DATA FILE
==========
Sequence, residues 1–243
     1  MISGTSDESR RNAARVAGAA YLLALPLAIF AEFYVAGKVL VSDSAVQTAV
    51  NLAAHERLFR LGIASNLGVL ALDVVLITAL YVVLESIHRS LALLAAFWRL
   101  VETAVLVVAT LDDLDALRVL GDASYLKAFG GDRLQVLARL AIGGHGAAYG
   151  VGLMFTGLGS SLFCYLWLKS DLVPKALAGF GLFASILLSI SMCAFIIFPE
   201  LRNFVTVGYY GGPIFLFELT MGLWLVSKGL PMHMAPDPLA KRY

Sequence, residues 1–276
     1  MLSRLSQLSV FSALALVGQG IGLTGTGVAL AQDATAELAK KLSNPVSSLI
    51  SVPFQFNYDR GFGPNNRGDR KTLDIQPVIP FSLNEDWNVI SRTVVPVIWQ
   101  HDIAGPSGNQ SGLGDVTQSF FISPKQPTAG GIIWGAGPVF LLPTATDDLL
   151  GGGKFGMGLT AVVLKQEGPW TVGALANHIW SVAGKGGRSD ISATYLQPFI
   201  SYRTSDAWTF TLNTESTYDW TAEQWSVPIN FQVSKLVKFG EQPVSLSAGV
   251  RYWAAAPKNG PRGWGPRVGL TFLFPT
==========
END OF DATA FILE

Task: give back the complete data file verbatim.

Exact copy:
Sequence, residues 1–243
     1  MISGTSDESR RNAARVAGAA YLLALPLAIF AEFYVAGKVL VSDSAVQTAV
    51  NLAAHERLFR LGIASNLGVL ALDVVLITAL YVVLESIHRS LALLAAFWRL
   101  VETAVLVVAT LDDLDALRVL GDASYLKAFG GDRLQVLARL AIGGHGAAYG
   151  VGLMFTGLGS SLFCYLWLKS DLVPKALAGF GLFASILLSI SMCAFIIFPE
   201  LRNFVTVGYY GGPIFLFELT MGLWLVSKGL PMHMAPDPLA KRY

Sequence, residues 1–276
     1  MLSRLSQLSV FSALALVGQG IGLTGTGVAL AQDATAELAK KLSNPVSSLI
    51  SVPFQFNYDR GFGPNNRGDR KTLDIQPVIP FSLNEDWNVI SRTVVPVIWQ
   101  HDIAGPSGNQ SGLGDVTQSF FISPKQPTAG GIIWGAGPVF LLPTATDDLL
   151  GGGKFGMGLT AVVLKQEGPW TVGALANHIW SVAGKGGRSD ISATYLQPFI
   201  SYRTSDAWTF TLNTESTYDW TAEQWSVPIN FQVSKLVKFG EQPVSLSAGV
   251  RYWAAAPKNG PRGWGPRVGL TFLFPT